With regard to specifically German, as far back as the late eighteenth century, critics, often highly educated natives of German-speaking Europe, lamented the fact that the children of immigrants were losing their heritage language. One such observer, writing in 1788 about what he witnessed in Pennsylvania, had this to say:
Grown persons who come over from Germany partially forget their native language in their vain attempt to learn a new one; the native-born almost never learn their mother tongue properly and well. The children of Germans, especially in cities, become accustomed to English in the streets; they are addressed in German by their parents and reply in English. (Schöpf 1788, 156)
At the turn of the twentieth century and before the onset of anti-German feelings, Wilhelm Hense-Jensen, in a monumental history of the German element in Wisconsin, had this to say about what he observed in the Badger State:
If in one of the German wards of Milwaukee, the sixth, for example, in 1870 practically every adult man and every adult woman was a native of Germany, today most residents who were born here definitely reveal their German ancestry in their lifestyle, outlook, and frequently also in their accent when speaking English. Yet they think and feel entirely differently than their immigrant parents. … The people born here of German ancestry prefer to hear English spoken, but even those who have immigrated in the last twenty years, if they are even minimally active mentally and if through their occupation they have the opportunity to come into contact with English-speaking people, acquire the national language in the shortest time. (Hense-Jensen 1902, 254–255)
The longstanding inclination for German Americans to shift to English independent of World War I is underscored in an editorial titled “Evidence of Assmilation” that appeared in the October 20, 1921, edition of The Houston Post, which is reproduced in its entirety here.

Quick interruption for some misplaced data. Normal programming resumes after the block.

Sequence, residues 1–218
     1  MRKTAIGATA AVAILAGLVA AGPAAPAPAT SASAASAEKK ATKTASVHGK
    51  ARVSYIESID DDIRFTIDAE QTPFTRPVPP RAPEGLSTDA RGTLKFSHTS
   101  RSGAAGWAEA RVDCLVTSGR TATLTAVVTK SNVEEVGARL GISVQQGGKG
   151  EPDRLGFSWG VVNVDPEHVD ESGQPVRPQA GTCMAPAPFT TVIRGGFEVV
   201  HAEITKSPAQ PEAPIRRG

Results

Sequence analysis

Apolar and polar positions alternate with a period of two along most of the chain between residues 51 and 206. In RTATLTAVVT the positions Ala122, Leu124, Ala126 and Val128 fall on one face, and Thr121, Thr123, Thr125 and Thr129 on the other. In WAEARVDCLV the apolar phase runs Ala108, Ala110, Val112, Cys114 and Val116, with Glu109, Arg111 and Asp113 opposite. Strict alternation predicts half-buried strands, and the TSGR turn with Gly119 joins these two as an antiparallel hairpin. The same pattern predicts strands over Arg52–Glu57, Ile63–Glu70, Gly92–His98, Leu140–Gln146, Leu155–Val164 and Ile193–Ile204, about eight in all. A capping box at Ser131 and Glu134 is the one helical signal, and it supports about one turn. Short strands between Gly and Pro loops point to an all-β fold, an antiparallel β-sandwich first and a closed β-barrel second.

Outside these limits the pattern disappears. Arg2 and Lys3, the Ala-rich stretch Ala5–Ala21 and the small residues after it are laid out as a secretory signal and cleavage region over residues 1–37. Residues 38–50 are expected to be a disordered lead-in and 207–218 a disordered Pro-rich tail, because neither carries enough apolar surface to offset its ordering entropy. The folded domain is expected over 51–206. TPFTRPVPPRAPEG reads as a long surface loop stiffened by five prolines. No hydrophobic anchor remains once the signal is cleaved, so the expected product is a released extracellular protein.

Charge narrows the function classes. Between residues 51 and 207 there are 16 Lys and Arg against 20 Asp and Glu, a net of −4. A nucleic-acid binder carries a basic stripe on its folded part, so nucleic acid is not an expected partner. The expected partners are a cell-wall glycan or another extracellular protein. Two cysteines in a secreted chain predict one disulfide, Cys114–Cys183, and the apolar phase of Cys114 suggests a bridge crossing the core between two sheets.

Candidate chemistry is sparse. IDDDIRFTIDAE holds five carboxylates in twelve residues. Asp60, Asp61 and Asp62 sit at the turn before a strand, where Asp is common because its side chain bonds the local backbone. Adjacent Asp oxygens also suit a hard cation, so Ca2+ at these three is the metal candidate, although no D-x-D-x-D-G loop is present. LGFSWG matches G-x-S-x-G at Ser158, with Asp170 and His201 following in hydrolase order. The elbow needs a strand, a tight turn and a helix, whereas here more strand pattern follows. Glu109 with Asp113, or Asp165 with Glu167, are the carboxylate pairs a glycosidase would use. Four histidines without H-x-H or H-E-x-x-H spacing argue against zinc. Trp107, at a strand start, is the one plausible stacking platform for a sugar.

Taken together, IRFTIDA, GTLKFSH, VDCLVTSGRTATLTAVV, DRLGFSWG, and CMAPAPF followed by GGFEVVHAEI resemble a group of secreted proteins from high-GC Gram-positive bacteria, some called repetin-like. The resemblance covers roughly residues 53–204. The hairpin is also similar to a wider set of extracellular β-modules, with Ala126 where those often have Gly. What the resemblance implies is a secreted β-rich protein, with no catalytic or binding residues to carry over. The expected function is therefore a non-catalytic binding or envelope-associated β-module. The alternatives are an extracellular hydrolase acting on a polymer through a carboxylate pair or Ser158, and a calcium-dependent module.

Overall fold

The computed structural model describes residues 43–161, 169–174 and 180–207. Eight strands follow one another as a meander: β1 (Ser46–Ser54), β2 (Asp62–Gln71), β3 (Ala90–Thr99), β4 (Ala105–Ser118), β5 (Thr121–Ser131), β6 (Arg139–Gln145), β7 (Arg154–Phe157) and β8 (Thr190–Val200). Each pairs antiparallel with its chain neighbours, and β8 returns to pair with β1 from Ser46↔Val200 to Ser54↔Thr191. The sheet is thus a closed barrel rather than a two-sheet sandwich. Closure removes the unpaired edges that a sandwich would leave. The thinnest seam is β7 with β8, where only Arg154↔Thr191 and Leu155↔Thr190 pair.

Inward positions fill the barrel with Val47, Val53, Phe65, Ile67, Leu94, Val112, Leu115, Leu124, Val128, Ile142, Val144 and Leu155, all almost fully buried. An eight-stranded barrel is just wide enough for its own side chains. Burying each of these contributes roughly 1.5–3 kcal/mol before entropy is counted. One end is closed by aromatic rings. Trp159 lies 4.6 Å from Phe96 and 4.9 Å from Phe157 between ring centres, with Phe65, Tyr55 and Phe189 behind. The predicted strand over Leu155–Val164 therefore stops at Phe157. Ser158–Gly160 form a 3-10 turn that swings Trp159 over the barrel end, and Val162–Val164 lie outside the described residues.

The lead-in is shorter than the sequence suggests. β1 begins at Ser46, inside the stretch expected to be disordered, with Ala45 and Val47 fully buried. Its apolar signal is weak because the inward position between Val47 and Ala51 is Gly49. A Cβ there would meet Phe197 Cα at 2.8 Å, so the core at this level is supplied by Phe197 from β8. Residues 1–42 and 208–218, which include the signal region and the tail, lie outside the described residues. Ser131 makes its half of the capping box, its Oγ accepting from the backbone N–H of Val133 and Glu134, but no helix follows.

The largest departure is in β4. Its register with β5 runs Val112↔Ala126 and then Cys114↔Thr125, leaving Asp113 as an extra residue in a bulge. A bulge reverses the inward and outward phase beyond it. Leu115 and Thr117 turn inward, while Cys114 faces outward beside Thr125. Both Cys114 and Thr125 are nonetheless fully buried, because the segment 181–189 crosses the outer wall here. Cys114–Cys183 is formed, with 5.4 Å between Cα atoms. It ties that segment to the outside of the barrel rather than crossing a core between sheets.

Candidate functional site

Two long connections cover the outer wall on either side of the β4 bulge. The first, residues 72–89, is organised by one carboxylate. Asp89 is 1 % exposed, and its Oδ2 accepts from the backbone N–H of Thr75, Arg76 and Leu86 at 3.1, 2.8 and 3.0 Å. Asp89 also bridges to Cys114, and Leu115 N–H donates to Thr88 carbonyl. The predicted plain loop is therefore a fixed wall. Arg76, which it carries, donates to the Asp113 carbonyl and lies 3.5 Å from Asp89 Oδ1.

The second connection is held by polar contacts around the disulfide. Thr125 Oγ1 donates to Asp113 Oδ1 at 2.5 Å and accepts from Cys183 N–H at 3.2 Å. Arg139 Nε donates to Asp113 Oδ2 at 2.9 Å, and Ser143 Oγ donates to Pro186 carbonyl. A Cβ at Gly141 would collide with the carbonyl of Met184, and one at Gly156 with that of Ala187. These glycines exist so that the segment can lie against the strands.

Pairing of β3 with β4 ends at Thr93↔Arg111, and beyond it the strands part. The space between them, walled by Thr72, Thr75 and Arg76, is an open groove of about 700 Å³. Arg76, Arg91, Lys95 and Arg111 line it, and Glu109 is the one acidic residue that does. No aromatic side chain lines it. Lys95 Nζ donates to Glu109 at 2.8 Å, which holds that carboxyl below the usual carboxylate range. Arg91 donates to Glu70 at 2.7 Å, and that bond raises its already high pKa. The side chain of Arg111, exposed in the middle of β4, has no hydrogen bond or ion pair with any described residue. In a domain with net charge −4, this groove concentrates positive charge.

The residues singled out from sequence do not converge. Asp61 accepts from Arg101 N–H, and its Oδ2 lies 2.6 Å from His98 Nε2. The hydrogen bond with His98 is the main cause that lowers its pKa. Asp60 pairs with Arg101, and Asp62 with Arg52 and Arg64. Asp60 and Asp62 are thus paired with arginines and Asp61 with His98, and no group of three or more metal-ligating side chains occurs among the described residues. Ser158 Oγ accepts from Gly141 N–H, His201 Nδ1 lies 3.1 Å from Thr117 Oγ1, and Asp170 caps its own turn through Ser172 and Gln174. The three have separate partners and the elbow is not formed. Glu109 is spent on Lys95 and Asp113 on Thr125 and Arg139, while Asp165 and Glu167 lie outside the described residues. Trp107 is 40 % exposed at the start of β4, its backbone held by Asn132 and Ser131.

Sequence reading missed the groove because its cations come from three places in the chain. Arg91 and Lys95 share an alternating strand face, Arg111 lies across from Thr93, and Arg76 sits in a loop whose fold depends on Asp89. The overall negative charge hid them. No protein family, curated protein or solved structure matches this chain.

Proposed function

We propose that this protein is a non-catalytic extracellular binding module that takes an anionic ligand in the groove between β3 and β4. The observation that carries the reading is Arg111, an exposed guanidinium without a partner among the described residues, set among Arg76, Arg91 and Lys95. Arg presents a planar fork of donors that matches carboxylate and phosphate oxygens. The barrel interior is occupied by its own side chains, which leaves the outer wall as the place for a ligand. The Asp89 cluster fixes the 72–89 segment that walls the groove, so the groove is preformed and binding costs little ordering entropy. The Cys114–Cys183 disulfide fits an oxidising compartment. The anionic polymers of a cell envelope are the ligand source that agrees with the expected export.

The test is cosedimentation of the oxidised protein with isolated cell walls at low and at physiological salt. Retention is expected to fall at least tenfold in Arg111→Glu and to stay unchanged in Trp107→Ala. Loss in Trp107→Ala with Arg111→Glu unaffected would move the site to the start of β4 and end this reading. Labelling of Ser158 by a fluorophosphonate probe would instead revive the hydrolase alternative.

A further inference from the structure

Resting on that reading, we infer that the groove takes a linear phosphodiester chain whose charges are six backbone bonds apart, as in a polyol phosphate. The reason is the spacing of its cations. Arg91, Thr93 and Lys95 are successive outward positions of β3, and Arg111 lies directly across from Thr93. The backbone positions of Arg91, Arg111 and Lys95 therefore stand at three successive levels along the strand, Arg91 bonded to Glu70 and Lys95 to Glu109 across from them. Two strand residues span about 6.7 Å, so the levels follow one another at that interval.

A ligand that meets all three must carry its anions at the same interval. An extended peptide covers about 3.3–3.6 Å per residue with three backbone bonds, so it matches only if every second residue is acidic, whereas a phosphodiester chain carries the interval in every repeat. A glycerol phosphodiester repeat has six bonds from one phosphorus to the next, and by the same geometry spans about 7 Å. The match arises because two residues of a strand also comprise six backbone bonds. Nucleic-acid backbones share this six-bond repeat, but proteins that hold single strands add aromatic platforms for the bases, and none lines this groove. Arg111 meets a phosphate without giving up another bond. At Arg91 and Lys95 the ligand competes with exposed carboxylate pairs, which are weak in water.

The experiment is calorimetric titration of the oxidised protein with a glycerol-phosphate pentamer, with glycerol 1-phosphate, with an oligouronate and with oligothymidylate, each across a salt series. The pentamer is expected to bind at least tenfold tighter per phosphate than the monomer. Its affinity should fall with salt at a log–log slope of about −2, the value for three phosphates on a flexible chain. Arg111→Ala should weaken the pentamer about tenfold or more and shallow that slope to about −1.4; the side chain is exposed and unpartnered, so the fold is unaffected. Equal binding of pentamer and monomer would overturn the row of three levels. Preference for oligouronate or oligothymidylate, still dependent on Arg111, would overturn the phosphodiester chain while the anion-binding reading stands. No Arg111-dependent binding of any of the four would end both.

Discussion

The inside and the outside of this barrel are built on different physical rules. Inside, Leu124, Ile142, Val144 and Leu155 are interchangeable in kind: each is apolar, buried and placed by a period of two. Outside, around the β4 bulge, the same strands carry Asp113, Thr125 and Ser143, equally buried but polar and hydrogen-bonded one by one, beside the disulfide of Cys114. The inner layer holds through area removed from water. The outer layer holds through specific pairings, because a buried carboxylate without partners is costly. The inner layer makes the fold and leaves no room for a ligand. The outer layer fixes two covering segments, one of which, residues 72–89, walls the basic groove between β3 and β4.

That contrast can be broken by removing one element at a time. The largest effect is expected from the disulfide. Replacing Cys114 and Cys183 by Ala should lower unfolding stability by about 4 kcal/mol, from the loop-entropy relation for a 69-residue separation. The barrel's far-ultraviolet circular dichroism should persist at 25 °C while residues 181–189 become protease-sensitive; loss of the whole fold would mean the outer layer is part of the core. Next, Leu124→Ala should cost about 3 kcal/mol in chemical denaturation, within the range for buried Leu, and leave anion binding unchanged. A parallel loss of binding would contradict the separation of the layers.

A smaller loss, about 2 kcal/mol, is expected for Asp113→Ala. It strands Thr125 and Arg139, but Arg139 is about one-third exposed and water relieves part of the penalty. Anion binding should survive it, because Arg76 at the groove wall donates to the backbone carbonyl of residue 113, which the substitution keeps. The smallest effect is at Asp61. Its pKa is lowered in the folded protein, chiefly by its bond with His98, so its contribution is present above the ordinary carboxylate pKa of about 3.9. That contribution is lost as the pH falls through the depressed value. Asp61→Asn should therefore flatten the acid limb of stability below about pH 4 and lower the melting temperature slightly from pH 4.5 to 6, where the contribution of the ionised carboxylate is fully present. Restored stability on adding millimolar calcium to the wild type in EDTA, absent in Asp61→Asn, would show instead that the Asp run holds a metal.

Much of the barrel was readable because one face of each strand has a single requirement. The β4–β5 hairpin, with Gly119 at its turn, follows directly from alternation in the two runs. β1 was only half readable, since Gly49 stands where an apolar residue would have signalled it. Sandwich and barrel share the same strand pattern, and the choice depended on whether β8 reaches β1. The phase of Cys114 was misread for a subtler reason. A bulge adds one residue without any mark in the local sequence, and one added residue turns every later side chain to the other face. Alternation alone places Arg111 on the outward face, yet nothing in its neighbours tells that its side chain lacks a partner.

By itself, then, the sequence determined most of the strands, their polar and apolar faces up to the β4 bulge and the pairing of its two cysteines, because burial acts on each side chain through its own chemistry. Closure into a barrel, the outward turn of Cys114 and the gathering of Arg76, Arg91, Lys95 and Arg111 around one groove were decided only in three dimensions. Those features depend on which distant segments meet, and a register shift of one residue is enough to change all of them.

After a career of 49 years, the German daily newspaper, “Amerika,” published in St. Louis, will suspend publication at the end of October. Editor [Arthur] Preuss, announcing the coming suspension, says: “It has been an uphill fight for German newspapers ever since the war. The older generation is dying out, and the new is not interested in and does not read the German language press. There is no immigration to afford new readers.”
The reasons cited by the editor for the passing of “Amerika,” which for half a century was one of the influential foreign language publications of the country, are interesting as reflecting the changed conditions in the United States, and as showing that perhaps the melting pot is functioning more effectively than it sometimes seems.
The war with Germany naturally aroused a certain amount of popular prejudice against the German language papers, regardless of whether they deserved it or not. Under war conditions, it was inevitable that newspapers published in the enemy language would suffer financially and in prestige. The adhesion of the great majority of Americans of German descent to the American cause was a factor in alienating readers of German papers and turning them to the English language press.